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Leonie Kirszenblat, Postdoctoral Researcher

About me

I began my career in science at The University of Melbourne in the laboratory of Professor Alex Andrianopolous in 2006, where I did my honours degree in genetics. During this time I contributed to the discovery of genes involved in pathogenicity of the infectious fungus, Penicillium marneffei.  After my honours I moved to Brisbane to the laboratory of A/Prof Massimo Hilliard at the Queensland Brain Institute, where I worked as a research assistant studying genetic mechanisms of nerve development and regeneration, using the genetic model, Caenorhabditis elegans.  I then joined Bruno van Swinderen's laboratory in 2011 where I completed my PhD using the fly as a model to study sleep and attention.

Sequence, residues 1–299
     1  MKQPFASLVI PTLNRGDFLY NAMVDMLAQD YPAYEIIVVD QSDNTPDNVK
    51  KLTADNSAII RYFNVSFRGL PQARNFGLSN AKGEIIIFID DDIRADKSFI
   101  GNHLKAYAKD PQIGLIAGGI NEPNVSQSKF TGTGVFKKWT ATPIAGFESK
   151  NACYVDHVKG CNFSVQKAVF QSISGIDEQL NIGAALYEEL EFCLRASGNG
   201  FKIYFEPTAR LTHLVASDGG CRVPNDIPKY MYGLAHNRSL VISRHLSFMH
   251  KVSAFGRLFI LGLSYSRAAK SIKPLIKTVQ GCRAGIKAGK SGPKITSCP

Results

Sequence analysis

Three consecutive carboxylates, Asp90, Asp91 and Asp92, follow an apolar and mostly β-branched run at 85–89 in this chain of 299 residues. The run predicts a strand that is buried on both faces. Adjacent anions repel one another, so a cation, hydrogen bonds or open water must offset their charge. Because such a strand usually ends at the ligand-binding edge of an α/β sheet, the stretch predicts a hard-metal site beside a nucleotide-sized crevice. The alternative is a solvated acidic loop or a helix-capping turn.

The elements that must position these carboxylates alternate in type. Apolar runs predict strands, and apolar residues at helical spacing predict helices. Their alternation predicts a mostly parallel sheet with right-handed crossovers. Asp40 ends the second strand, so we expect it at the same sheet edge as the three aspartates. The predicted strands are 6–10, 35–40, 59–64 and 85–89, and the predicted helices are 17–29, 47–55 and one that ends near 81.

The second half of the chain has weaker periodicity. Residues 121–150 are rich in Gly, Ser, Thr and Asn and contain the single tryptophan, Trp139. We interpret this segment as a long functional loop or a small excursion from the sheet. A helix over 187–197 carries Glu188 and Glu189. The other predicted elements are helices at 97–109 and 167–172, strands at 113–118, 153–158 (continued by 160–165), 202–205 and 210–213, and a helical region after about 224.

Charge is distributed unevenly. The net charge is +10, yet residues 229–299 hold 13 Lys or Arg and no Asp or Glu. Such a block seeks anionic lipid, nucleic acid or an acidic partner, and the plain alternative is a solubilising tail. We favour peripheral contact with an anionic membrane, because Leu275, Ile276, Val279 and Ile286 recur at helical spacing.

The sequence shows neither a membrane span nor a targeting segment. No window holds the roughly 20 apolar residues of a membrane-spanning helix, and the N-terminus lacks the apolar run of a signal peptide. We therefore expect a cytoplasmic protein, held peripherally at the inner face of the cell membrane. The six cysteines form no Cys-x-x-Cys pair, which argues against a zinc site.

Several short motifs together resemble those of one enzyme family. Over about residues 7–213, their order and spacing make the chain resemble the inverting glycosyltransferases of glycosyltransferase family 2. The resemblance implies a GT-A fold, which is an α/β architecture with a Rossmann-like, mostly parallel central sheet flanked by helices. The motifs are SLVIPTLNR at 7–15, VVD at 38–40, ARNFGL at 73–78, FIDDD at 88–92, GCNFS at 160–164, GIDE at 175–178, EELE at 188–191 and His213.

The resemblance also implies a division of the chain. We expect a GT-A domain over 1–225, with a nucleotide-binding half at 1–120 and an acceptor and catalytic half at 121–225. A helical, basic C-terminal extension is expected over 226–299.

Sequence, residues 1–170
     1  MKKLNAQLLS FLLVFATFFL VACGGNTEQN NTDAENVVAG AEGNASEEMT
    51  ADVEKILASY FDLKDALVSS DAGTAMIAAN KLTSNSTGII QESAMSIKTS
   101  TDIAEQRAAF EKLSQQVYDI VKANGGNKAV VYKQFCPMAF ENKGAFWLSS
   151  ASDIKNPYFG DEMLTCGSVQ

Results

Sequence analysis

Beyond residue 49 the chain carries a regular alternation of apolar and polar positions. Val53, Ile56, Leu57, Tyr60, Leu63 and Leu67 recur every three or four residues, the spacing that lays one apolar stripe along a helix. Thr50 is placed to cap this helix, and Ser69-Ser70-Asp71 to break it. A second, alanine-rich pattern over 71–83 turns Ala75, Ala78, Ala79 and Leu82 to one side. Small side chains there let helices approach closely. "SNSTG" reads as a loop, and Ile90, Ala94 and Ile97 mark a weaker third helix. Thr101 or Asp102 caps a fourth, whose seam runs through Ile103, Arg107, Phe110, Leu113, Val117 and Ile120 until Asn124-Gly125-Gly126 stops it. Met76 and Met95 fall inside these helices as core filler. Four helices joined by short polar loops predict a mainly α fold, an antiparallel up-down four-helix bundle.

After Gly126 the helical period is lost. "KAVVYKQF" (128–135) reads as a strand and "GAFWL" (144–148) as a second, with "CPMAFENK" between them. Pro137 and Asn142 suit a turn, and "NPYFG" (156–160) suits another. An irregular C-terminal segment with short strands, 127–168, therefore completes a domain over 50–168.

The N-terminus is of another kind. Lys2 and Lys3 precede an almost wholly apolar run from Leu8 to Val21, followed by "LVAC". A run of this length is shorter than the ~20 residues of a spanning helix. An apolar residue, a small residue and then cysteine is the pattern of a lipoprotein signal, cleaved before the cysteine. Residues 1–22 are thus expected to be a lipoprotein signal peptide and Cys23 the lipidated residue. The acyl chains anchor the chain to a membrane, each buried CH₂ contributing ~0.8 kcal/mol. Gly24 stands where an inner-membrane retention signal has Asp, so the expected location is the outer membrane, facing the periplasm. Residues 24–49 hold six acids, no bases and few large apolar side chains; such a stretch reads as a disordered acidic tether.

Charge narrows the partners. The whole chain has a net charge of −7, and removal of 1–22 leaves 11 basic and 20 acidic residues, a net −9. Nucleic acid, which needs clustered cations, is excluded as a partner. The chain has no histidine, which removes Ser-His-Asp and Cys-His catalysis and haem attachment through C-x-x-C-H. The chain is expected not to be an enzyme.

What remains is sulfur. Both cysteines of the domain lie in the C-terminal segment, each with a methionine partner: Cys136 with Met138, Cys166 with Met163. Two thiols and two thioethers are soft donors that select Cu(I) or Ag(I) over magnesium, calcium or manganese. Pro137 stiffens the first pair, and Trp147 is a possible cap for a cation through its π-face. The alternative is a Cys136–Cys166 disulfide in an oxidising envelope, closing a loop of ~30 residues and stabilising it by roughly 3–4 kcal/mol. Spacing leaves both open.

One of the biggest mysteries to me is the brain and how it creates the world around us by drawing our attention towards some things and suppressing our perception of others. I am particularly interested in sleep, a state which suppresses our awareness of the outside world. 

During my PhD I developed novel methods to study sleep and attention in flies, and investigated how these two perceptual states influence each other. I am now building on this research in my current role as a Postdoctoral Research Fellow, and am looking for opportunities for my next post-doc position.

My publications can be found here.

Here is my latest publication in which we present a new paradigm for studying the effects of sleep on attention.

Here is our latest review on sleep in Drosophila, to be published next year.

I love trees; they can also be found in the brain.  This is an image of a visual neuron in the fly brain that detects motion in the environment.